But then, a mile or so down the cold dark road, a transition occurs. At first that’s because I become so numb all over that I no longer perceive discomfort. But another mile or so further and I am entranced by the sky. This time of year there is a lingering light that creates colors in the dusk and early evening that is unequaled at other times. The depth and range of blue just after sunset lifts the eyes and thus the mind; no longer is this an exercise in physical endurance, being out in this cold inspires awe, awakens wonder. As Parrish blue bleeds into azure and cobalt, and finally indigo becomes obsidian, the miles click by and the dog and I become extensions of one another. His body movements reveal the presence of creatures I would otherwise have no means of recognizing. The excitement with which he responds to a vole differs enormously from the out-of-his-mind scrambling that scent of a deer evokes. Coyotes bring the hackles up, bear bring him right alongside me, a deep rumble of fear in his chest. We plunge on in the darkness, senses zinging.
By the time we get home a couple of hours later, I am so invigorated that I want to take a couple more dogs out. Cold? Pshawww! I am Woman, descendant of cave woman…tamer of wolves, walker of dogs…a little cold is a tonic for my strong body!
Now, where’s my hot tea and radiant heater….???
Sunday, December 6, 2009
Full moon this week enabled me to get the garbage hauled to the curb at 2:30 so I didn't have to rise at dawn to make the pickup. I heard, or think I heard, that this month we'll have a blue moon. Or maybe it's next month. I never hear more than bits and snatches of news lately. Should I say that only once-in-a-blue-moon do I hear a news story in its entirety.
Does anyone use phrases like that anymore? My family did...colorful folk sayings, full of arcane meanings that my kids can't relate to. Hell, my peers can't relate. Every so often one of grandma's sayings slips into my conversation and invariably elicits a quizzical raised eyebrow from whomever I'm addressing. Sometimes I know where it arose, but often when stopped like that I realize I don't know the origins.
We rarely question origins. We believe that we know what's what. We base our actions, and in fact our entire existence, on the blithe presumption that what we accept as truth in fact is. Mom said so. My best friend's cousin's co-worker saw it himself. The newspaper/radio/internet had an article. But do we know what's real? Do we even want to experience the full weight of living, or might that merely interfere with the existences we eke out in our little spheres of self-reinforcing conceits? Anyone or anything that is perceived as foreign to our contrived internal system will be shunned, ridiculed, or outright attacked in order to preserve the small space within which we feel safe but which in truth binds us. In effect we gouge out our own eyes, plug our ears, cut ourselves off from that which might inform us of the wonder that awaits the curious, and the growth and evolution that rewards the courageous.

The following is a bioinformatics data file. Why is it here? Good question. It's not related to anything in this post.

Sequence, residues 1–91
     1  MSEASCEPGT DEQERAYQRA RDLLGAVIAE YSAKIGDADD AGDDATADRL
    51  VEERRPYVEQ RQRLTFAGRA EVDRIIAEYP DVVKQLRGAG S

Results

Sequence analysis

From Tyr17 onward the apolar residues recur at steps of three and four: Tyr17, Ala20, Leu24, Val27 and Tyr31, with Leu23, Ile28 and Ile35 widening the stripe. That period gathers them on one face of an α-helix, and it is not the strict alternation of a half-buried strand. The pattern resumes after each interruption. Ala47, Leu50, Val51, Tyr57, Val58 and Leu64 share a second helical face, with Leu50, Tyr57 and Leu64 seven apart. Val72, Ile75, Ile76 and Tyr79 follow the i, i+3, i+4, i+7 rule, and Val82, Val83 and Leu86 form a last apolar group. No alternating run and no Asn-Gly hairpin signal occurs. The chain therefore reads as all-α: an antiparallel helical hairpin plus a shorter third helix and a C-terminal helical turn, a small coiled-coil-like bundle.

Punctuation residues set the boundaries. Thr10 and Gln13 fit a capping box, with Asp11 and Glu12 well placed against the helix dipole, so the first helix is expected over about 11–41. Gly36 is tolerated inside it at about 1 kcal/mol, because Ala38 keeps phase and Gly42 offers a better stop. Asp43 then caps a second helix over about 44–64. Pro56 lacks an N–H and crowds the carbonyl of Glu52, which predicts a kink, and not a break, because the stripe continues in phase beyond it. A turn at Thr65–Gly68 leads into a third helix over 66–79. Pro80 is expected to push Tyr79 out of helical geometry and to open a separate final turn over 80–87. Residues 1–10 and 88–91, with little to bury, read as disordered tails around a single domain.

Earlier this night, in that moon-lit darkness that casts shadows, I walked with a friend; well, with two friends. One human, one canine. We three are usually utterly alone on the backroads and pathways, other than being passed now and again by hurtling metal shapes bearing semi-torporific human passengers home to their chemically-laced food-substitutes and their digital entertainments. We three inhabit a world that few seem inclined to experience. Even in warmer months when the sun doesn't set by 5:00 we rarely pass walkers, and in the fall and winter when we step outside, we might as well be the only humans left on the planet. No one seems to know the sound of the horned owls but for their recordings on Discover Channel. But we walkers are serenaded by one in the oaks beside us, another in the hemlocks across the swamp. The coyotes voice their opinions on the quality of the cottontails in the rhododendrons beyond the rock ledge. Beavers slap their tails in startlement as we pass.
My point, if I originally had one, was that being outdoors, at night, is essential. Being soaked by rain is essential. Feeling my hair ruffled by cool winds, or welcoming the sun’s radiance on my skin is essential. These sensations are real. Life is lived just that simply. Every moment I am given the opportunity to be alive, if I will but grasp it. Other animals always do. I live with dogs, with horses, with cats and rabbits and roosters so that I may remember how that’s done, how I may escape the bondage created by my own capacity to live in the past or long for the future. I choose now. Again, and again.